Thursday, January 5, 2012

* "Violence Against the Past": Baldacchino Barbarism

The Empire Strikes Back : 

Rome and Us


Adam Kirsch

The New Yorker,  January 9, 2012

"For Hughes, [Robert Hughes, author of Rome: A Cultural, Visual and Personal History] the most glorious example of such Christian reconstruction came in the seventeenth century, when Gian Lorenzo Bernini was given permission to strip the bronze cladding off the Pantheon's portico, in order to melt it down for the majestic baldacchino in St. Peter's.  This, too, was a kind of violence  ---a violence against the past, committed in the name of a present that believed itself more authentic, more powerful, even than the Roman Empire." (p.74)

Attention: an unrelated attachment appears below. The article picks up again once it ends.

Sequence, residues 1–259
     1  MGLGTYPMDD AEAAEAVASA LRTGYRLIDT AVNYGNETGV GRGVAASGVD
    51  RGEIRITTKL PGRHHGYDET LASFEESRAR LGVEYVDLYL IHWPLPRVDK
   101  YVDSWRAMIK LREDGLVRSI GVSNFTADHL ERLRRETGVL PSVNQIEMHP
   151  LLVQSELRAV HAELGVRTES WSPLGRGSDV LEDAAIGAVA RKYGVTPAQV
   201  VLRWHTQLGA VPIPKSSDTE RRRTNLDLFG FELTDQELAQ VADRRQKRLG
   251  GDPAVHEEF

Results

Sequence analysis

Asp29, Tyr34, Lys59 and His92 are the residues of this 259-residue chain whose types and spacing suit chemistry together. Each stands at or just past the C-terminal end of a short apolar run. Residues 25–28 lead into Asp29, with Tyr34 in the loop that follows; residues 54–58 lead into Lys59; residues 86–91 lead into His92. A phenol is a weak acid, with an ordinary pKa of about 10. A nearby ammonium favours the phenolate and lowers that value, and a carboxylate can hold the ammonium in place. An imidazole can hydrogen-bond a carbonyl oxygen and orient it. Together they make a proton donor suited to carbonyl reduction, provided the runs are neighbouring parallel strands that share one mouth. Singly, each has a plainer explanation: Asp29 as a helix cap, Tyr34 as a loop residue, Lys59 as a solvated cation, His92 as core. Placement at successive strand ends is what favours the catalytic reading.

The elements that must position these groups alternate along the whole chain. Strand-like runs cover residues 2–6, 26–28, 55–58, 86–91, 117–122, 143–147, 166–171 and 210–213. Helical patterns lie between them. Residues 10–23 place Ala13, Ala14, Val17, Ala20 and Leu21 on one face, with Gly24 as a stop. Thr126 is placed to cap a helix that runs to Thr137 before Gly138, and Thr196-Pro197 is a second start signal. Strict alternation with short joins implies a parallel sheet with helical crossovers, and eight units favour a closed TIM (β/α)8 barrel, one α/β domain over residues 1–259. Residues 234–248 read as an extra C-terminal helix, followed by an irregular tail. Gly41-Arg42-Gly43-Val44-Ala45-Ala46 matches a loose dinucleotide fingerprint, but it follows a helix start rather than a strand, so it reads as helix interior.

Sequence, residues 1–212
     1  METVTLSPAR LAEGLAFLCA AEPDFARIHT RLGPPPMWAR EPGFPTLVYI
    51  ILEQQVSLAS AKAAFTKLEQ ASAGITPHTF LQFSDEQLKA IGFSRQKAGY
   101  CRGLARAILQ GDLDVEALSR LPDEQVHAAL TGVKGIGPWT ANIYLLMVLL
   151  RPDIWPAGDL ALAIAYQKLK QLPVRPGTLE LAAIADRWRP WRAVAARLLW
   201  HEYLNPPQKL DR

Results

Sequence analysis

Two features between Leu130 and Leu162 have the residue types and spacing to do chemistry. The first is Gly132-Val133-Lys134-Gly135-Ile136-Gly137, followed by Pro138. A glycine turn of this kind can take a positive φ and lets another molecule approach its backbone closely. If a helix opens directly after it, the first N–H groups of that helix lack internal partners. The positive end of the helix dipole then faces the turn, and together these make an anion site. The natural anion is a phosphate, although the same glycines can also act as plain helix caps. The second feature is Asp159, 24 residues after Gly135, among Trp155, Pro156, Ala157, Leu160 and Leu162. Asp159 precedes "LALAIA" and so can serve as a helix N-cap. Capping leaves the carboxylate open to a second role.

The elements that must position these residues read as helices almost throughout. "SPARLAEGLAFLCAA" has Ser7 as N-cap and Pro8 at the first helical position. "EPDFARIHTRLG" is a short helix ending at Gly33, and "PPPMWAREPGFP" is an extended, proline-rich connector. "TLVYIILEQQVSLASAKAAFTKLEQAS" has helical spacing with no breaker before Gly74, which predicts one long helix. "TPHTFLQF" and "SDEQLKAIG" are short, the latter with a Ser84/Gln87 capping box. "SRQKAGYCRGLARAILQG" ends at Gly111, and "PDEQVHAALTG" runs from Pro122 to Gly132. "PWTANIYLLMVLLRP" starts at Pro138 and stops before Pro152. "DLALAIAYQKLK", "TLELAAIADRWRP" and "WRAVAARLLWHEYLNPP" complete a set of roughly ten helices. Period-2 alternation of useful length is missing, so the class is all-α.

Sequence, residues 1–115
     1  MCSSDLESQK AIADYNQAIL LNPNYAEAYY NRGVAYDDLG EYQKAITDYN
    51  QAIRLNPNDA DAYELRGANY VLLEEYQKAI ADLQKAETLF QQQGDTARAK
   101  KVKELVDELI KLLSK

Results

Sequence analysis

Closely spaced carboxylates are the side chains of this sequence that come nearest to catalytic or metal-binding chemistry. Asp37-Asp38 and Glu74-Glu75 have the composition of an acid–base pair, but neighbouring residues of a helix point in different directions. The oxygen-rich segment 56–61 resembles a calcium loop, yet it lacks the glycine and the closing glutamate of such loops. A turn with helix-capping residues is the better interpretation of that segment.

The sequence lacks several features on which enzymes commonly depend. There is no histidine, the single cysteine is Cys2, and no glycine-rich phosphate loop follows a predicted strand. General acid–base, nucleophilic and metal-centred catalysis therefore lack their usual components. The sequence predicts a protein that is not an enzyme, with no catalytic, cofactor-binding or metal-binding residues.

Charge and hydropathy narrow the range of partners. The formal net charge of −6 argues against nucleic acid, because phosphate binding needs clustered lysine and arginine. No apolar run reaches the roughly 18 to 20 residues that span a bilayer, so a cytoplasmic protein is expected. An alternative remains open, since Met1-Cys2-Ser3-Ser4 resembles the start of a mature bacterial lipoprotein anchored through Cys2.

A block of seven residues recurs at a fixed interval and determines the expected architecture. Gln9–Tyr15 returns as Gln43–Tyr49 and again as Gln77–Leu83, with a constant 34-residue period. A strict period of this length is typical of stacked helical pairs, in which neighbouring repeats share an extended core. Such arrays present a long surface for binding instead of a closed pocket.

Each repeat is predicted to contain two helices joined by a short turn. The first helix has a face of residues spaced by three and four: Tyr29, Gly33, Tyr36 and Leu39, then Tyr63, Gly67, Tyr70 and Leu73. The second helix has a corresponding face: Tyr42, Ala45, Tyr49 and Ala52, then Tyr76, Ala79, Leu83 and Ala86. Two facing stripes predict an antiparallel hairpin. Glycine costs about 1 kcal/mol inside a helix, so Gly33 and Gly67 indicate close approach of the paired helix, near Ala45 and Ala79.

"Indeed, the physical fabric of Rome is perhaps the best example of Walter Benjamin's dictum 'There is no document of civilization that is not at the same time a document of barbarism.' " (p. 74)

"But today, in a post-9/11, recession-battered country, what transfixes the imagination of American writers is the end of the Empire  --- the "decline and fall"  --- that Edward Gibbon made the central moral of the whole Roman experience."  (p.68)

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